Figures 5 and 6 illustrate the suicide rate of US males for various ages in 2000 – 2004 compared to that in 2010 – 2016.  In this rather short time interval, the most likely mean rate changed from about 25 to 15 years old. Data for females are very similar with the same approximate means for the two time intervals.

This is further indication of the crisis of suicides in our children.



[1] Mishara, B. L. (1998). Childhood conceptions of death and suicide: Empirical investigations and implications of suicide prevention. In D. De Leo, A. Schmidtke, & Diekstra, R. F. (Eds.), Suicide prevention: A holistic approach (pp. 111-119). Dordrecht: Kluwer Academic Publishers.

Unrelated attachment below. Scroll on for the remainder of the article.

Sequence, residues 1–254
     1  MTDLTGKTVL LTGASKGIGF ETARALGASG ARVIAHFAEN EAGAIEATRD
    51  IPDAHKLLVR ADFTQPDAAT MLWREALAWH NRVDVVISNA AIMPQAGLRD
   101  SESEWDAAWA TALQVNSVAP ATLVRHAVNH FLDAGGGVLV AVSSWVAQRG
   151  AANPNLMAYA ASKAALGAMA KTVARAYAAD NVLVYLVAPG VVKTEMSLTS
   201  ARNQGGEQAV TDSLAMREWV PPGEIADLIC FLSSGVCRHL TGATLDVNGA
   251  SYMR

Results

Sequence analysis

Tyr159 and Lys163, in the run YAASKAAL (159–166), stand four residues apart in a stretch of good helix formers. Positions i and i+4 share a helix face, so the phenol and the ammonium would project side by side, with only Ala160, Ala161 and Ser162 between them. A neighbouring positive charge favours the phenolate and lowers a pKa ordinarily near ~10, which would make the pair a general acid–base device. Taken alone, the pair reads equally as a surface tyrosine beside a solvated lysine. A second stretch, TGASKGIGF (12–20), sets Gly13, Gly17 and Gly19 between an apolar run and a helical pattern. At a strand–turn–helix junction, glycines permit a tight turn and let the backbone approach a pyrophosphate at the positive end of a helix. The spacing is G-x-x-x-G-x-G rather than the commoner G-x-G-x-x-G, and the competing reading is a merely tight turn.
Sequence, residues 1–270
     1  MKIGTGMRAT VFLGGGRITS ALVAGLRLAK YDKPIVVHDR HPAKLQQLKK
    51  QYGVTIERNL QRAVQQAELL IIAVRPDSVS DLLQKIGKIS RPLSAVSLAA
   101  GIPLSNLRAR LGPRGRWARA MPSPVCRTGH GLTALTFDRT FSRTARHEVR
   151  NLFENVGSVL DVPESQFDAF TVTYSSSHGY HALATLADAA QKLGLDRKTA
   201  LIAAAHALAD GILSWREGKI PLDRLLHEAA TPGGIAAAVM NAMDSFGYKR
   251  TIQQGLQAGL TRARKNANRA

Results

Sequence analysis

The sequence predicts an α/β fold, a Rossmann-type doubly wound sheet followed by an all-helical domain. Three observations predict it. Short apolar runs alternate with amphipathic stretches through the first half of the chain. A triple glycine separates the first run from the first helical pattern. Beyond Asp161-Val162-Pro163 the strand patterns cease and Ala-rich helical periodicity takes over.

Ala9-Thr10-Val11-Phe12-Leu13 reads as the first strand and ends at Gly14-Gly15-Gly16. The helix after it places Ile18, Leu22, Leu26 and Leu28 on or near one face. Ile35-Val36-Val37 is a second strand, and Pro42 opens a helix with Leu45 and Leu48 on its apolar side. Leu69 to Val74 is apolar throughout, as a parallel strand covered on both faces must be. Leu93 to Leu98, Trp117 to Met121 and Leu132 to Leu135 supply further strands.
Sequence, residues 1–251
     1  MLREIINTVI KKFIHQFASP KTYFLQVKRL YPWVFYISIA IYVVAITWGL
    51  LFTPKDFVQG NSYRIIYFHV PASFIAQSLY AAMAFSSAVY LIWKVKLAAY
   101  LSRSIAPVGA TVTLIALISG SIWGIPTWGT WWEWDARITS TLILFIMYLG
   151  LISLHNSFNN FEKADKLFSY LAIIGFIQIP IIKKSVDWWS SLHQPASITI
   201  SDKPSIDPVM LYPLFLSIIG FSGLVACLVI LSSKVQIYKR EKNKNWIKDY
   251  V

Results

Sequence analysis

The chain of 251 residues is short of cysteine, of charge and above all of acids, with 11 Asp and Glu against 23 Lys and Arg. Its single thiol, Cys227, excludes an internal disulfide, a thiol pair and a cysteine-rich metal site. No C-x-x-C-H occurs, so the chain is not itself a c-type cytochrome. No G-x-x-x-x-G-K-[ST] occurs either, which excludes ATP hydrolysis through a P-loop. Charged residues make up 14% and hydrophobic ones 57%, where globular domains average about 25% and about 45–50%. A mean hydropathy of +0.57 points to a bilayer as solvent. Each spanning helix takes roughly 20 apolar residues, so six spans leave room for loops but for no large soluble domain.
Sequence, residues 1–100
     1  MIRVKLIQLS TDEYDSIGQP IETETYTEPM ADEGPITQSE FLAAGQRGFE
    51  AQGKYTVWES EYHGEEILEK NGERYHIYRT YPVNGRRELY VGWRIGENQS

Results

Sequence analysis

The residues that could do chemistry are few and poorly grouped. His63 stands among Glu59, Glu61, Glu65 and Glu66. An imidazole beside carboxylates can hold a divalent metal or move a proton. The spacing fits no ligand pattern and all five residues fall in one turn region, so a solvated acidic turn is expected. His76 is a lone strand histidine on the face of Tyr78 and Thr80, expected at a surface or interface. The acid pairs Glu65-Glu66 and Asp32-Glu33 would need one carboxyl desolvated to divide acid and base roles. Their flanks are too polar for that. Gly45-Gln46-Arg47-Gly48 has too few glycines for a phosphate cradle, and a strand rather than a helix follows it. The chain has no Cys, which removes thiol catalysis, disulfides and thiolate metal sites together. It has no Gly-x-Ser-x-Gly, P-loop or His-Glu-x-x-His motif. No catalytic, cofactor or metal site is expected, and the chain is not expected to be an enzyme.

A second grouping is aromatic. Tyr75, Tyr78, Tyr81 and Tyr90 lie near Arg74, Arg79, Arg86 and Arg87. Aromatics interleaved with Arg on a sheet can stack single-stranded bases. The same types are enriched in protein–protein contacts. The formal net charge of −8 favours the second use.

[2] Tishler, C. L., Reiss, N. S., & Rhodes, A. R. (2007). Suicidal behaviour in children younger than twelve: A diagnostic challenge for emergency department personnel. Academic Emergency Medicine, 14, 810-818.

[3] Crepeau-Hobson, F. (2010). The psychological autopsy and determination of child suicides: A survey of medical examiners. Archives of Suicide Research, 14, 24-34.

[4] Institute for Health Metrics and Evaluation (IHME). Causes of Death (COD) Data Visualization. Seattle, WA: IHME, University of Washington, 2017. Available from (Accessed February 18, 2018)